The Inca site of Winay Wayna is built into a hillside overlooking the Urubamba River. It is located on on the Inca Trail and, like today, may have served as a rest stop for weary travelers on their way to the famous Machu Picchu. The Inca ruins of Winay Wayna consists of upper and lower house complexes connected by a staircase and fountain structures. Beside the houses lies an area of agricultural terraces.

8. Coricancha

The Coricancha in Cuzco, originally named Inti Kancha (‘Temple of the Sun’) was the most important temple in the Inca Empire. The walls and floors were once covered in sheets of solid gold, and the courtyard was filled with golden statues. Like so many other Inca monuments it was severely devastated by the conquistadors, who built a Christian church, Santo Domingo, on top of the ruins. Major earthquakes have severely damaged the church, but the Inca stone walls, built out of huge, tightly-interlocking blocks of stone, still stand thanks to the sophisticated stone masonry of the Incas.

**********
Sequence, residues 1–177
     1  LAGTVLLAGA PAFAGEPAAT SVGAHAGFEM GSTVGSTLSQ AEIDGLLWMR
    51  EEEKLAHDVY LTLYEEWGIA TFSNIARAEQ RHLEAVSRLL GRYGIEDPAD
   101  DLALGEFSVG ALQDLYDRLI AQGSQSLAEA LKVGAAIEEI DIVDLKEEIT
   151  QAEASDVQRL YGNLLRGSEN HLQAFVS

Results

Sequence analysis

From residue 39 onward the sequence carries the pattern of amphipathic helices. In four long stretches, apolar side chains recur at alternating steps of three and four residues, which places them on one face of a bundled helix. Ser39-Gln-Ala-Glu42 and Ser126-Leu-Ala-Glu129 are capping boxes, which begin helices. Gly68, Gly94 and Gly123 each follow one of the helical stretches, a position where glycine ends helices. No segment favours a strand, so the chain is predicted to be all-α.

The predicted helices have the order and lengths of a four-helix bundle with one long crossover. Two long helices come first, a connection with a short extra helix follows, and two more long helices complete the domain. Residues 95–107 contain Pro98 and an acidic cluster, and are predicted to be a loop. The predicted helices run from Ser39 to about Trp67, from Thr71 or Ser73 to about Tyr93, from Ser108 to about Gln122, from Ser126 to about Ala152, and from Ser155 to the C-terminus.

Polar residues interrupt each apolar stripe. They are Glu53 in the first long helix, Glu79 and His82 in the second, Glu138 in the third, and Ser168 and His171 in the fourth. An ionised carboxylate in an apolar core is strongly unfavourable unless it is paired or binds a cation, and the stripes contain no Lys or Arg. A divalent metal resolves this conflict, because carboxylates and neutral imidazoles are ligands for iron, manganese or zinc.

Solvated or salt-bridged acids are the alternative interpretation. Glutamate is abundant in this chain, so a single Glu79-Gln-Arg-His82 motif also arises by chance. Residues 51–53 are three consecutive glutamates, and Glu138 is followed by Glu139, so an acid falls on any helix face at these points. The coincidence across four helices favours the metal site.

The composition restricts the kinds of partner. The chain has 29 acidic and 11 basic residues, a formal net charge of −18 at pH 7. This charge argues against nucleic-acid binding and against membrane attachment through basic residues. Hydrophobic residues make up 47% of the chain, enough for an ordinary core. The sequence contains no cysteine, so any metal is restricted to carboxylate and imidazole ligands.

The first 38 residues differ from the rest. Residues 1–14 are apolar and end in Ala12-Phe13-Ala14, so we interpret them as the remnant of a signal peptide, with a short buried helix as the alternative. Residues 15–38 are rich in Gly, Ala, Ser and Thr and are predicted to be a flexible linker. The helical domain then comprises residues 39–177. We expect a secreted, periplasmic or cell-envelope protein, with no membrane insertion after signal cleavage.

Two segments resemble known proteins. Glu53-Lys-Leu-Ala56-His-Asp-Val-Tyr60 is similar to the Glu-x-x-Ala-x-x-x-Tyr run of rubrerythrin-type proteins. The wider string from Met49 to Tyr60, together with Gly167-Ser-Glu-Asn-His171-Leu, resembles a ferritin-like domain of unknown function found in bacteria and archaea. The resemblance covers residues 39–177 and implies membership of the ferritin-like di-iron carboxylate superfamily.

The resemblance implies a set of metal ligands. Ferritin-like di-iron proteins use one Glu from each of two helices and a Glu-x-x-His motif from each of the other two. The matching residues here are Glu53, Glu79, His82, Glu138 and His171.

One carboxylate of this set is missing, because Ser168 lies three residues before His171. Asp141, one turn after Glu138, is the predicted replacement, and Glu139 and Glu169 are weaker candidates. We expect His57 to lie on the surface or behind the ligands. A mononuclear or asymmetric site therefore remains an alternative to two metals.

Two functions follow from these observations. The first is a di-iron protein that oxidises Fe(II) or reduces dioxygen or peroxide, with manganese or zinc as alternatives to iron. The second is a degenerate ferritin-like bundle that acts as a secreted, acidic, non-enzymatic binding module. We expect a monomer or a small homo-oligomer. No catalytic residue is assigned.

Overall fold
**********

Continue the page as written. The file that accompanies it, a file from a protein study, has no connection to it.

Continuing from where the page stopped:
7. Llactapata

Located at 2,840 meters (9,318 feet) above sea level along the Inca trail, Llactapata means “High Town” in Quechua. It was probably used for crop production and storage. Llactapata was burned by Manco Inca Yupanqui, during his retreat to discourage Spanish pursuit. In part due to these efforts, the Spanish never discovered the Inca trail or any of its Inca settlements.

6. Isla del Sol

Isla del Sol (Island of the Sun) is a rocky, hilly island located in the southern part of Lake Titicaca. According to the Inca religion, it was the first land that appeared after the waters of a great flood began to recede and the Sun emerged from the island to illuminate the sky once again. As the birthplace of the Sun God, the Incas built several sacred sites on the island. Among these Inca ruins are the Sacred Rock and a labyrinth-like building called Chicana.

5. Sacsayhuamán